Hot Dog

[Many Calling Caldecott posts this season will begin with the Horn Book Magazine review of the featured book, followed by the post's author's critique.]


Hot Dog
by Doug Salati; illus. by the author
Preschool, Primary    Knopf    40 pp.    g
5/22    978-0-593-30843-1    $17.99
Library ed.  978-0-593-30844-8    $20.99
e-book ed.  978-0-593-30845-5    $10.99

It’s a hot time in the city. A small, low-slung pup greets the morning from the window of a narrow NYC ­brownstone. But as the dog’s day unfolds, it all becomes too much. “City summer / steamy sidewalks… / crowds close in… / too loud / too close / too much!” Fortunately, the dog’s devoted owner understands. She breaks off her round of errands mid-crosswalk, picks up her dog, and takes a taxi, then a train, and finally a ferry to an island, “wild and long and low,” where the pair enjoys an idyllic beach day. The dog runs and runs, chases waves, delivers shells and stones to its owner, digs holes; the woman relaxes under an umbrella. Restored, they return to the city in the evening, now able to cherish its many pleasures—­skateboarders in the park, street pretzels, a fruit stand. “What a day for a dog!” Minimal, impressionistic free-verse text beautifully sets scenes and conveys character and emotion, expertly matched by the illustrations. Claustrophobic vertical panels, angular lines, and hot oranges, reds, and yellows (of the city) give way to expansive, sometimes full-spread horizontal panels and cool blues and greens (of the island escape). In the end, back home in the woman’s small walk-up apartment, our doggo settles down for the night, “ready to leap / into a deep / ocean / sleep.” Entirely delightful; a breath of fresh air from start to finish. MARTHA V. PARRAVANO

From the November/December 2022 issue of The Horn Book Magazine.


This year’s Caldecott committee members are surely spending time with this expressive and empathetic book. In her review, Martha talks about the visual shift between the initial city scenes and the rest of the book; let’s take a closer look at that.

The emotional arc of this story finds our main character, this Dachshund-esque dog, moving from a feeling of oppression to one of freedom and joyful ease. In the first spreads, Salati locks owner and dog in panels with thick, dark pencil borders. Lines and figures sometimes extend outside the panels, where they lose form — such a clever and effective method to visually convey the way one’s ability to take in sensory information narrows when under extreme stress, as this dog certainly is. This is something children experience, though most have no words for it; expressing the feeling through images is the right choice for this audience. (Do I need to mention that this dog is a dog but also a stand-in for a child? No? Great.) The dog’s yellow leash is echoed in the yellow line of the road and the caution tape that surrounds a construction zone in one of the panels: all things confining the dog and telling it where to go. The panels in this section are, as Martha notes, claustrophobic. I’d even call them cluttered. There is no space within them for the eye, or our main characters, to rest. But again we see the consideration of child readers in the white space that surrounds each panel and gives a restful, clear spot for the text to live. The characters in this book are overwhelmed, but its readers aren’t.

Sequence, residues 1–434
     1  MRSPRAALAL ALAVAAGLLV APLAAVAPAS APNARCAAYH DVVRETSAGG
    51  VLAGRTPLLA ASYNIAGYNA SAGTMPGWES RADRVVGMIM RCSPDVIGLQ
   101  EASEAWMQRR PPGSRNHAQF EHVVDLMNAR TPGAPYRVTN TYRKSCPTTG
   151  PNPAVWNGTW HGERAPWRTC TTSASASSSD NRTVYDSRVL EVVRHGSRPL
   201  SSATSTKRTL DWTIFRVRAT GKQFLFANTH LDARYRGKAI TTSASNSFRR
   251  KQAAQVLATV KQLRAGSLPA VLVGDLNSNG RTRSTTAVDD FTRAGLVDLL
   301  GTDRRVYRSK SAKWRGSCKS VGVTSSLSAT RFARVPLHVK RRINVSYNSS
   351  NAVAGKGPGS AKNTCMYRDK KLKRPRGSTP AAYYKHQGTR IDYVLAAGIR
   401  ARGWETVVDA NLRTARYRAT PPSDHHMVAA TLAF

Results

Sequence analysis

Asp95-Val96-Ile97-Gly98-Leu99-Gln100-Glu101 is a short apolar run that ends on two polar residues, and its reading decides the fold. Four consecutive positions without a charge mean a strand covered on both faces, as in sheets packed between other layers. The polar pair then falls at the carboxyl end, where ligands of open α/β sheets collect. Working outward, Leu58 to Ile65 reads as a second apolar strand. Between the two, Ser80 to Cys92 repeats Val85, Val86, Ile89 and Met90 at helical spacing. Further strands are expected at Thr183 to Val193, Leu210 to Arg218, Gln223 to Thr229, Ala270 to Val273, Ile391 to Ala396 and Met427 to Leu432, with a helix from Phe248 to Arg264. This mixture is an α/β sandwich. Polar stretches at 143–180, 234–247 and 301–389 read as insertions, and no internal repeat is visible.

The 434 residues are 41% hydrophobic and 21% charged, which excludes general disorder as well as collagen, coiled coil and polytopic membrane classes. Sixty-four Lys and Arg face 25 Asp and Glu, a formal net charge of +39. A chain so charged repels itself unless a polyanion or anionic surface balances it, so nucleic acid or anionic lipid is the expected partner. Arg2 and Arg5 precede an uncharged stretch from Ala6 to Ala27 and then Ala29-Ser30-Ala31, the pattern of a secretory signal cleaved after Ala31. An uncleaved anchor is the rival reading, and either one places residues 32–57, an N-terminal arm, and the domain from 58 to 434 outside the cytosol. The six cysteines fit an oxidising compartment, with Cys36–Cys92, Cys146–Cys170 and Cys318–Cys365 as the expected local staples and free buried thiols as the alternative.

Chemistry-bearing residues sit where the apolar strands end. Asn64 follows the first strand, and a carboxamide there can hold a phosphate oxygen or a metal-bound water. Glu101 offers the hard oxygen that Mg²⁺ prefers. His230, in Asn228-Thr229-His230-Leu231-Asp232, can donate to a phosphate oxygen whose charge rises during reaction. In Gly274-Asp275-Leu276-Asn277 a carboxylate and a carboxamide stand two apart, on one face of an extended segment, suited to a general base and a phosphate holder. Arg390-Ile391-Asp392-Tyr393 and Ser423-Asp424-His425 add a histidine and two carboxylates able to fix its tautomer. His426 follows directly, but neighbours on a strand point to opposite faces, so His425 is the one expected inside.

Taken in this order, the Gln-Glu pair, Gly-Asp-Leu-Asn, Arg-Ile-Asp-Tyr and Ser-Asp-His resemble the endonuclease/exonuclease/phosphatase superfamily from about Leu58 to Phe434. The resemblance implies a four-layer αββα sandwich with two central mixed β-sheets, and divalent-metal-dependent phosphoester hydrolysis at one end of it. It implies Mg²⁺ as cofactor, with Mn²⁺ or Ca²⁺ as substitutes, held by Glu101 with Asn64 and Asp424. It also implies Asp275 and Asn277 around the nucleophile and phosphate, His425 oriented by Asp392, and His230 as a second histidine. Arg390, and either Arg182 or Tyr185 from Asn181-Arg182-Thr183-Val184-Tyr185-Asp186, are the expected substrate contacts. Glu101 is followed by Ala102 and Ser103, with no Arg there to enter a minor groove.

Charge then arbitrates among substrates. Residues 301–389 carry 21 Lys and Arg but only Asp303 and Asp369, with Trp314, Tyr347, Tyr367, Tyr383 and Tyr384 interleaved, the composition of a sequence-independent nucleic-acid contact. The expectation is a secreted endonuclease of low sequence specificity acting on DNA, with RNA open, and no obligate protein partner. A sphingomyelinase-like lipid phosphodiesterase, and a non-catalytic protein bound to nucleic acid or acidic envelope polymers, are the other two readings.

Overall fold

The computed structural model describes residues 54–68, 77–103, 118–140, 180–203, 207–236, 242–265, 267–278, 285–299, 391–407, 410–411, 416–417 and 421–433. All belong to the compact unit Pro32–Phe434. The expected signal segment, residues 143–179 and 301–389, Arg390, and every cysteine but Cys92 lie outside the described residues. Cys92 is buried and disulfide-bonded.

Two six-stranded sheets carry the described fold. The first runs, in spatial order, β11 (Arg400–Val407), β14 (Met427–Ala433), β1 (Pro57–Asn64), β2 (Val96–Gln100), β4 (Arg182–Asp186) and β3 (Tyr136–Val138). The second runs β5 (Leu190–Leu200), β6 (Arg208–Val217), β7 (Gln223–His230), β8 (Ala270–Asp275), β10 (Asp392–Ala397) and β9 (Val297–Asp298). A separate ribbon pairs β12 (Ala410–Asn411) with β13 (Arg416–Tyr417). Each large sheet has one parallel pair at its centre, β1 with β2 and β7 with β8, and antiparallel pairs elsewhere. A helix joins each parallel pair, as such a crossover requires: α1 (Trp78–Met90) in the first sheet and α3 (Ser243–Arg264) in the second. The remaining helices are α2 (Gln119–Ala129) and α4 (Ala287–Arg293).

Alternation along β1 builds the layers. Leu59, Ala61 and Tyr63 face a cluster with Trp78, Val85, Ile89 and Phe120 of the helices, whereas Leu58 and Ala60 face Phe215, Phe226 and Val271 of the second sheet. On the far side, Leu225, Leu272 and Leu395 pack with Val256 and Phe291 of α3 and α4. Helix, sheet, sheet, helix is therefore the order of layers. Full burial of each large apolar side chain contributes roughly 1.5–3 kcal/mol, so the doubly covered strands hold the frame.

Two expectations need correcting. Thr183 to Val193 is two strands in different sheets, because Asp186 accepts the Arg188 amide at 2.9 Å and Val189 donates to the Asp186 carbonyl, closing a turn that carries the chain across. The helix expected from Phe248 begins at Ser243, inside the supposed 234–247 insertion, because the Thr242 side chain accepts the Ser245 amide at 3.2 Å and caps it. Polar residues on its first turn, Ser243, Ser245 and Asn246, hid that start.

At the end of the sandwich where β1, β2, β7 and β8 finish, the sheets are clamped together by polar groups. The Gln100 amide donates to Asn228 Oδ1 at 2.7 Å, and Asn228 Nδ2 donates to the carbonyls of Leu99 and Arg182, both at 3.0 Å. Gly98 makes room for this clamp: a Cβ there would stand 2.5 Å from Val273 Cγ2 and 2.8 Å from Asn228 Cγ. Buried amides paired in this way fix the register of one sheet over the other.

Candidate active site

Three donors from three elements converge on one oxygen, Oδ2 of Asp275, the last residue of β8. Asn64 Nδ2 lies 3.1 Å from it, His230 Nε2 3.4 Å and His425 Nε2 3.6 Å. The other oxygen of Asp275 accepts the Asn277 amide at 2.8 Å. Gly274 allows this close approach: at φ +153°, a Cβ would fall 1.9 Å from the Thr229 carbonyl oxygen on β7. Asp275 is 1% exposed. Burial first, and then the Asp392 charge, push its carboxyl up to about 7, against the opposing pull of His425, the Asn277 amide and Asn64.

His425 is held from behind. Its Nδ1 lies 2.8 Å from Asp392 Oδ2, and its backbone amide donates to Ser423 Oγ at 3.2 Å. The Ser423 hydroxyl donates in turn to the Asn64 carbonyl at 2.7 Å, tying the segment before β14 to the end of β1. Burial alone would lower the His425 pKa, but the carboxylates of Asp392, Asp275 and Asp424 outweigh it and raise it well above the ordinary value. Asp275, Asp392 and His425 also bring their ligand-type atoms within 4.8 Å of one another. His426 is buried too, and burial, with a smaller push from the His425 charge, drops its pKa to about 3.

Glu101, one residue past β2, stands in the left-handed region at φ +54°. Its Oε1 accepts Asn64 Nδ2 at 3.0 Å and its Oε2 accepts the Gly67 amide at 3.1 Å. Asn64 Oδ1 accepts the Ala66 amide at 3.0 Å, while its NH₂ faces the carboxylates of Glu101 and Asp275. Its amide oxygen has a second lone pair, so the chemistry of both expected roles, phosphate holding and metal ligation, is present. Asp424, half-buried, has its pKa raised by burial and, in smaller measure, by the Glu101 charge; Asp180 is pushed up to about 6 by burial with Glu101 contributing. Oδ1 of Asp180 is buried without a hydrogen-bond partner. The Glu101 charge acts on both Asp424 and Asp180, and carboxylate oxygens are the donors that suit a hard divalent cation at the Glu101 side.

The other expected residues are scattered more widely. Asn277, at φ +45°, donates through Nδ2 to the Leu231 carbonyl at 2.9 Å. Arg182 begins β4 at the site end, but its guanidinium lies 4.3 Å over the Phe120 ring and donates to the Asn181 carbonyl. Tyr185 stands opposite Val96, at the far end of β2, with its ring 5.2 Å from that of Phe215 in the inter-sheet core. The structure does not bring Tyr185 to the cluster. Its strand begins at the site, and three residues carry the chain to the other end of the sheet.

Then there is this beautiful shift that begins with an image of the dog and its owner eye-to-eye in the middle of the street. What a heartfelt moment of connection! I do this with my own dog when he’s worried, and I do it with children when they’re upset — get down on their level, give them something to focus on. The next image is the first in the book to break out of panels, into a full bleed image of the owner calling for a taxi — the chaotic background is gone altogether, and all we see here is dog and owner. On the page-turn, we’re still in the city, so those panels with the heavy borders are back, but the colors are significantly toned down and the backgrounds are less cluttered. A moment of empathy has made the situation more tolerable.

Then comes the page-turn that reveals a train ride that turns into a ferry ride in three strips of borderless panels. The heavy pencil lines and the solid yellows and reds that dominated the illustrations up to this point are gone. Now we have visible, watery brushstrokes in cool blues. The effect is like a breeze coming in and sweeping away a hot, humid day. This more relaxed style prevails throughout a series of spreads in which owner and dog walk, lounge, and play at the beach. There’s a lovely reprise of owner and dog eye-to-eye, this time in the sand over a pile of rocks. This pair of images both express love and connection, the things that endure as the context changes — a powerful, quiet concept communicated entirely without words.

In terms of Caldecott criteria, I see excellence of technique, of pictorial interpretation, and in delineation of plot, theme, characters, and setting. I see strong recognition of and respect for a child audience. We live in a time of constant demanding sensory stimulation, and many children — particularly the very young — are easily overwhelmed by so much sensory input. I was one of those children myself, so I appreciate a book that speaks so lovingly to those kids and those feelings.

Adrienne L. Pettinelli

Adrienne L. Pettinelli is the director of the Henrietta (NY) Public Library. She has served on several book award committees, including the 2015 Caldecott Committee, and is the author of Helping Homeschoolers in the Library (2008).

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